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10. Out Hud - S.T.R.E.E.T. D.A.D. (Kranky) LISTEN
Out Hud are a Brooklyn-based 5 piece who dabble in House, dub, and hip hop in very inventive ways. Imagine Couch playing dub-inflected dance music and you will get the idea. They have been playing gigs in New York to much acclaim for close to two years now and will not disappoint their fans with this much-anticipated debut. Using guitar, bass, cello, drums, and a touch of electronics, OUT Hud have created an upbeat record that is completely unexpected (especially for the generally melancholy Kranky label). Stylishly original.

9. Mastodon - Remission (Relapse) LISTEN
Looking for a band that rocks without trying to be ironic? Mastodon was it in 2002. Forget about pussies like Queens of the Stone Age, Mastodon is simply more metal than anyone else out there. Actually with song titles like "March of the Fire Ants" and "Where Strides the Behemoth" maybe they are being ironic. Who cares, they still rock.

8. Flaming Lips - Yoshimi Battles the
Pink Robots
(Warner Bros) LISTEN
Not as good as The Soft Bulletin and the lyrics are downright hokey, but hey, this is still a great record. Lovely tracks like "Yoshimi Battles the Pink Robots Part 1" and "It's Summertime" are mixed alongside loads of filler, making it one of the most inconsistent records of the year as well, but the beauty of the strong tracks more than make up for any of its misses. A nice addition to their eclectic, and ever increasing catalog.

7. The Streets - Original Pirate Material (Vice) LISTEN
The first record put out by Vice magazine's new label was the must own record of the year (that is if you wanted to be cool). If you don't care about being cool and just enjoy inventive hip hop without the bling bling The Streets is just the ticket. We look forward to more British hip hop in 2003.

6. Spoon - Kill The Moonlight (Merge) LISTEN
Spoon has long been the underdog of indie rock, consistently putting out good music with little notice or acclaim. Maybe they should change their name to something less dorky. Kill the Moonlight showcases a breed of pop that is reminiscent of Elvis Costello, but the styles found on Kill the Moonlight are completely their own. With a beat that feels like a racing pulse beneath almost every track, Kill the Moonlight is overflowing with vitality. Piano rock hasn't sounded this good in years.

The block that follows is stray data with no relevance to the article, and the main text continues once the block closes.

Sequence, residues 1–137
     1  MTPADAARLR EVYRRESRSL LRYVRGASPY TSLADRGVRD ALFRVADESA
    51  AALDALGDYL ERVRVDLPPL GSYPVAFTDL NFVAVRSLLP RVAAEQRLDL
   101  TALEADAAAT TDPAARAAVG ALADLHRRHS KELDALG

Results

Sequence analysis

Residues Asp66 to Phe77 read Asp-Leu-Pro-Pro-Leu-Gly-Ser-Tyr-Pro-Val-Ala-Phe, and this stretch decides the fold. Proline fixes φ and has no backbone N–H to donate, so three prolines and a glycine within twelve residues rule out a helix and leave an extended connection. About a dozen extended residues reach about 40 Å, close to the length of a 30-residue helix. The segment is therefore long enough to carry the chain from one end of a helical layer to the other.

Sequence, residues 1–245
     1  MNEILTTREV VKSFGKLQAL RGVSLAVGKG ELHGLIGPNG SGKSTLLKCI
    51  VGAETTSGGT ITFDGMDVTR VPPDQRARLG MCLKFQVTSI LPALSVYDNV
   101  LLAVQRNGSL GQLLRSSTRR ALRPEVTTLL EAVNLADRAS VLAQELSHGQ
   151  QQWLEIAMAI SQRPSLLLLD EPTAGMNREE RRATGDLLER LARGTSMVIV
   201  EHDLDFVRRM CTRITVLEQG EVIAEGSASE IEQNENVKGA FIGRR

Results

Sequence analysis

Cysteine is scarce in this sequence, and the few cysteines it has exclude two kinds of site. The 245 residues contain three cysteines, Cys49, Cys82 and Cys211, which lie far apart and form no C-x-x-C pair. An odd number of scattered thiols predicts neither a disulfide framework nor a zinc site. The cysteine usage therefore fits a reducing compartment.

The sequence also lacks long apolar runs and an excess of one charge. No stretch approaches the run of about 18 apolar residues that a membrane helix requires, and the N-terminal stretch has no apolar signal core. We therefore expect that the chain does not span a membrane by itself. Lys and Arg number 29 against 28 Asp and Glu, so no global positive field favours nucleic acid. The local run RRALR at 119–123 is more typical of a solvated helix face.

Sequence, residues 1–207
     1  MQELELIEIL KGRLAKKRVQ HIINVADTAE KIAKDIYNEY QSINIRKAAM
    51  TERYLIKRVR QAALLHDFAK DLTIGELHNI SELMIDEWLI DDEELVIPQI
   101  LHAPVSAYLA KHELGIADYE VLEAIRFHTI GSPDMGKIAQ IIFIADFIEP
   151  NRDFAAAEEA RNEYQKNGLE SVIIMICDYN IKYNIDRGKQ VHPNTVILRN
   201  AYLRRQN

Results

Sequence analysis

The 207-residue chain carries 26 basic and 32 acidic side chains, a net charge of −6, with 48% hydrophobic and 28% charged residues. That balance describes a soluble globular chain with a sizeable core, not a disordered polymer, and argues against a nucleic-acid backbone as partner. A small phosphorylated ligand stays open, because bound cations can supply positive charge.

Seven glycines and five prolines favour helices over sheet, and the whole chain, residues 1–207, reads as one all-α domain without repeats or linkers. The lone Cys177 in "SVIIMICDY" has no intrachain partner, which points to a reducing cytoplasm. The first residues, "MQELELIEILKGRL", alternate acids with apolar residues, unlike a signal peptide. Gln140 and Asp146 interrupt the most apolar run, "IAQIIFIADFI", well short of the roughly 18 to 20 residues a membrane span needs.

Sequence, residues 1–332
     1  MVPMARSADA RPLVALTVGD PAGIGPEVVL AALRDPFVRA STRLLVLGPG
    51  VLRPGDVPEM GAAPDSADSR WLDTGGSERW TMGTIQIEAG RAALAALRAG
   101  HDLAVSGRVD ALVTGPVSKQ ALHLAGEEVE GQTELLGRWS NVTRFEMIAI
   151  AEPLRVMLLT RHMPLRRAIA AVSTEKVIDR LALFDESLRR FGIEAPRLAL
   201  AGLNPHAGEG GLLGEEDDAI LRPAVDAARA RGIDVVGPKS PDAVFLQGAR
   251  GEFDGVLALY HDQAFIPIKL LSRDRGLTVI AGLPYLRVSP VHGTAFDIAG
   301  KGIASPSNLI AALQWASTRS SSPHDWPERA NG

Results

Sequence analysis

5. Iron and Wine - Creek Drank the Cradle (Sub Pop) LISTEN
This record is sleepy enough to turn a shoegazer into a bedroom slipper gazer. Beautiful slide guitar, catchy melodies, and dreamy vocals reminiscent of Nick Drake, and a charmingly low-fi production made this one of our favorites from 2002. Best of all, the man behind Iron and Wine, Samuel Beam, is neurotically prolific so look for a follow-up soon. An impressive, debut for fans of indie folk like Palace and Low.

4. Akufen - My Way (Force Inc.) LISTEN
A great, dub-inflected minimal techno record that single-handedly revives the genre. A cut-and-paste collage of blink-of-the-eye samples, Akufen sounds like a more club-friendly Prefuse 73. My Way is as enjoyable as it is sophisticated.

3. The Boggs - We Are the Boggs We Are (Arena Rock) LISTEN
OK, so we are sick of all the urban cowboys and old time traditionalists who have overrun New York in the past few years too. There are so many mandolin and banjo pickers on the street corners and in the subways these days, we'd swear a migration from the Appalachia was underway, if we didn't know 95% of them just graduated from exclusive art schools. The best thing to arise from this urban hillbilly movement is Brooklyn's The Boggs. Heavily influenced by the great Dock Boggs, The Boggs blend old time Americana with a Pogues inspired drunkenness and revelry. Their debut is consistently fun and truly original. We look forward to hearing more from The Boggs, even if we still don't know what they meant by "Cartesian delusions."